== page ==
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“The Natural World Is a Savage Place”: Frederick Wiseman on A Couple

Nathalie Boutefeu as Sophia Tolstoy in A CoupleNathalie Boutefeu as Sophia Tolstoy in A Couple

Frustrated by her marriage, Sophia Tolstoy addresses her husband Leo in a series of letters that veer from bitter to defiant to pleading. Delivered by the French performer Nathalie Boutefeu, the letters and diary entries detail years of resentment and misunderstandings.

A Couple marks a rare turn to narrative filmmaking by Frederick Wiseman, one of the world’s great documentarians. Shot over 17 days by Wiseman’s longtime collaborator John Davey—largely on Belle Ile, an island off the coast of Brittany—the film sets Sophia’s turmoil against the plants and animals that form a seaside garden.

Wiseman spoke with Filmmaker before a screening of A Couple at the New York Film Festival. The film opens at Manhattan’s Film Forum on November 11.

Filmmaker: How did you and Nathalie Boutefeu prepare for A Couple?

Wiseman: We started thinking about this two or three years ago. We both read Sophia’s journals and Tolstoy’s letters. The journals are very long—one volume is 800 pages. Nathalie made a first selection, then I winnowed that down. We talked a lot about what we wanted to do with the material, the implications of her diary entries and his letters to her. It was a conversation that went on for a year or so.

Filmmaker: You have a few shots of Nathalie writing inside a cottage, but the bulk of the film takes place outside.

Wiseman: Once we settled on the dialogue, I visited the garden, which belongs to a friend of mine. I showed the location to [cinematographer] John Davey, and we discussed alternative framings as we rehearsed.

The garden is a central character in the film. On the one hand, it’s extremely beautiful, or at least I thought so. On the other hand, the garden has a life of its own, which is quite savage. It’s a violent place where animals are chasing and eating each other.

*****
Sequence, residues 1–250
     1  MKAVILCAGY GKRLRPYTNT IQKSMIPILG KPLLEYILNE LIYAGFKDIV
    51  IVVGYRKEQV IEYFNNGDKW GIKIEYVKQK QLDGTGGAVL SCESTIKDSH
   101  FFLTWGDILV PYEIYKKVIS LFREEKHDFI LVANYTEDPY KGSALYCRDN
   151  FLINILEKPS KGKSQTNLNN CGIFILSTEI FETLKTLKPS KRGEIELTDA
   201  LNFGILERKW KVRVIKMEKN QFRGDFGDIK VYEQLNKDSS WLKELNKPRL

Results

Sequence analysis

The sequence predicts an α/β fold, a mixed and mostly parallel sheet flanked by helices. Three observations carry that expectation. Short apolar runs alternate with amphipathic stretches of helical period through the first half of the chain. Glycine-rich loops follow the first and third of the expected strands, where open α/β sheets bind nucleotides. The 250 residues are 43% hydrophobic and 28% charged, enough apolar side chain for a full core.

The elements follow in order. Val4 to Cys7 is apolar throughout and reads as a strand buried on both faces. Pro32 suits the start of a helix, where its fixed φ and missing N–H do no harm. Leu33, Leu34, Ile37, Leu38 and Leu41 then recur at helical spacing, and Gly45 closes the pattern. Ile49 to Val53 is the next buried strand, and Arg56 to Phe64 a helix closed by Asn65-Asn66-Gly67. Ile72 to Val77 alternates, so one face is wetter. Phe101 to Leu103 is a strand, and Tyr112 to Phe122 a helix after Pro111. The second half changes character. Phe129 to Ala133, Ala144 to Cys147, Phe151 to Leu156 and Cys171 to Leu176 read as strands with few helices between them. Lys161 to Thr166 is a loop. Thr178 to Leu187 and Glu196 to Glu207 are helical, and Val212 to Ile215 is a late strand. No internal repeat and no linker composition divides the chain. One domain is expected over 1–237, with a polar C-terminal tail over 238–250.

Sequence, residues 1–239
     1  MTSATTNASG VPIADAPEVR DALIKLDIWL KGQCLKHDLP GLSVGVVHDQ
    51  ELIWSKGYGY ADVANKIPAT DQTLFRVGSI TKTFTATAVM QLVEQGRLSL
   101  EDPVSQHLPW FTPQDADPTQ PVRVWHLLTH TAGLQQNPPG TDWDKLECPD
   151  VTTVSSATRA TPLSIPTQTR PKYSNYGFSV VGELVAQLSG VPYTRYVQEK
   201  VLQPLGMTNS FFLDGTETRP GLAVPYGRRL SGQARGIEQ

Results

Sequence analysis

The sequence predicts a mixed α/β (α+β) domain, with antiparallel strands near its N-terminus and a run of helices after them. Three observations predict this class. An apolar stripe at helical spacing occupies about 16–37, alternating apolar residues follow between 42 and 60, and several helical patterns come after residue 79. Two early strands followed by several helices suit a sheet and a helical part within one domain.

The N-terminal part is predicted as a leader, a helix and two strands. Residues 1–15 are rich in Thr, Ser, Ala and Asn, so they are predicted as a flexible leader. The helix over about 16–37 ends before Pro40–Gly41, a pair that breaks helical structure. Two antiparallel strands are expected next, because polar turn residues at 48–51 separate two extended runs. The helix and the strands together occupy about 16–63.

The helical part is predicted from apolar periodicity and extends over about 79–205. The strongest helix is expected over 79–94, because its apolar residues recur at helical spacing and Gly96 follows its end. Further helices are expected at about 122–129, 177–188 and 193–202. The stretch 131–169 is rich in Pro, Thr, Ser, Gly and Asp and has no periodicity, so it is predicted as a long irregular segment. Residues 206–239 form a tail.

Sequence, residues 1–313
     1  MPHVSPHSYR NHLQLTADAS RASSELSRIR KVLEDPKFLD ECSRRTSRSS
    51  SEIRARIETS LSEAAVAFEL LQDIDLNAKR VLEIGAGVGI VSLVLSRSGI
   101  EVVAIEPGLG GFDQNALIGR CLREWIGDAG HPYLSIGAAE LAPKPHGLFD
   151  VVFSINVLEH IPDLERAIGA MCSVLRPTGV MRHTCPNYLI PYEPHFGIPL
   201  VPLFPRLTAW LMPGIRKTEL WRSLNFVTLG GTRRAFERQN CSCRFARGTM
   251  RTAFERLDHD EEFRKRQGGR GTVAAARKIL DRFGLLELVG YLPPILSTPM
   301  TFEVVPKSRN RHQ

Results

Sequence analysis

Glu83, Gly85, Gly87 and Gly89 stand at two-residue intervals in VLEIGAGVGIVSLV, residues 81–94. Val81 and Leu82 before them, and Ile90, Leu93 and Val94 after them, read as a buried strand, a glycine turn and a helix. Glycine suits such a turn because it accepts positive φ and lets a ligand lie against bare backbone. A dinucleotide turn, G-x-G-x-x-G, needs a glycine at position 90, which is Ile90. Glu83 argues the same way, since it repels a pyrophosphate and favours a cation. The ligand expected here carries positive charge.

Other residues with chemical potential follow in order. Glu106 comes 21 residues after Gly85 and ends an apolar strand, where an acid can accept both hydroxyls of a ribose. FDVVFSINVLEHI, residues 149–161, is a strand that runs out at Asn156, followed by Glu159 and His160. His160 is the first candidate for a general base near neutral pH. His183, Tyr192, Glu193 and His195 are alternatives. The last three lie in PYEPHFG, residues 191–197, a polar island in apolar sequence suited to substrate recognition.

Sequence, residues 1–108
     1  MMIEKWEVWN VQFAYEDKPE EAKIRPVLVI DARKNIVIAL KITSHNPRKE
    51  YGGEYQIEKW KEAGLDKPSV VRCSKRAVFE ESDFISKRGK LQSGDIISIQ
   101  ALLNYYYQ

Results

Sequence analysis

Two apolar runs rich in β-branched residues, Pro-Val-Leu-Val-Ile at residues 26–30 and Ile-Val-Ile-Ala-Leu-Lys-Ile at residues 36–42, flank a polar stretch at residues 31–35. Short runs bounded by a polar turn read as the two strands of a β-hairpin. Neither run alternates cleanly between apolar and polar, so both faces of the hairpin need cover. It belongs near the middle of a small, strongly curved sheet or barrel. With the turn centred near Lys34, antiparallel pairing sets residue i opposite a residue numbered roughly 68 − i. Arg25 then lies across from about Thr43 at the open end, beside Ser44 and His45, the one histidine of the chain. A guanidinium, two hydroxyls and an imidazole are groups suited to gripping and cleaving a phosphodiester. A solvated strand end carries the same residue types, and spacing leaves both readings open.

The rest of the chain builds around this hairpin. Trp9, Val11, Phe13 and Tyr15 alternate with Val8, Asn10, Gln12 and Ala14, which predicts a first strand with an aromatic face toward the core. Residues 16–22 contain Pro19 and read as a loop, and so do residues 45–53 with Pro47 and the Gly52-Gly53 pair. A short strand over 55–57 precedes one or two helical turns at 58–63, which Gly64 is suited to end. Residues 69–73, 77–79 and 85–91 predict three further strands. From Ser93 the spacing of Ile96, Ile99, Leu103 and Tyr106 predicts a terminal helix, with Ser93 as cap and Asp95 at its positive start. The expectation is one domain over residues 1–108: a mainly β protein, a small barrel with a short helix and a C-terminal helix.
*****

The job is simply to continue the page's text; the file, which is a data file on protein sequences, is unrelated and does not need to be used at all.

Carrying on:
Filmmaker: So the garden is the equivalent to the hostile environment of Sophia’s marriage to Tolstoy?

Wiseman: I don’t know that I would single out Tolstoy that way. I mean, the natural world is a savage place.

Filmmaker: Does Sophia know that?

Wiseman: That depends on what “know” means. Sophia wrote a couple of novels, and the theme is, generally, a heroine wants a stable marriage. She wants a husband who participates in the care of the children, who’s patient with her, who’s kind and gentle, who’s open to talking about things with her, who loves her and wants to spend time with her. I don’t think that’s a particularly unique wish for a man or a woman. It’s not what she had.

Filmmaker: I’m trying to figure out how self-aware she was.

Wiseman: I think she was quite self-aware. She just didn’t know how to achieve what she wanted, which is not an unusual situation, especially for that time. Listen, I think Tolstoy was 34 when he married her. He had lived a very independent life. He’d worked his way through the whorehouses of Western Europe. On their wedding night, he tells her he had an affair with one of the maids, and the maid is bringing up his child in the house. She was 18, so it’s quite reasonable to assume she didn’t know what she was getting into.

Filmmaker: Judging from what’s excerpted here, she was not a natural writer.

Wiseman: Well, she’s not Tolstoy. But she was an extremely intelligent woman, a gifted pianist, someone who spent much of her life transcribing and, to some extent, correcting his texts. She’s not a great writer, but she is a woman who has the capacity to give expression to her feelings—not as great literature, but still an honest expression of her feelings. Not everyone has that.

Filmmaker: I hope I don’t appear to be belittling her. I’m also surprised by how sympathetic Tolstoy becomes.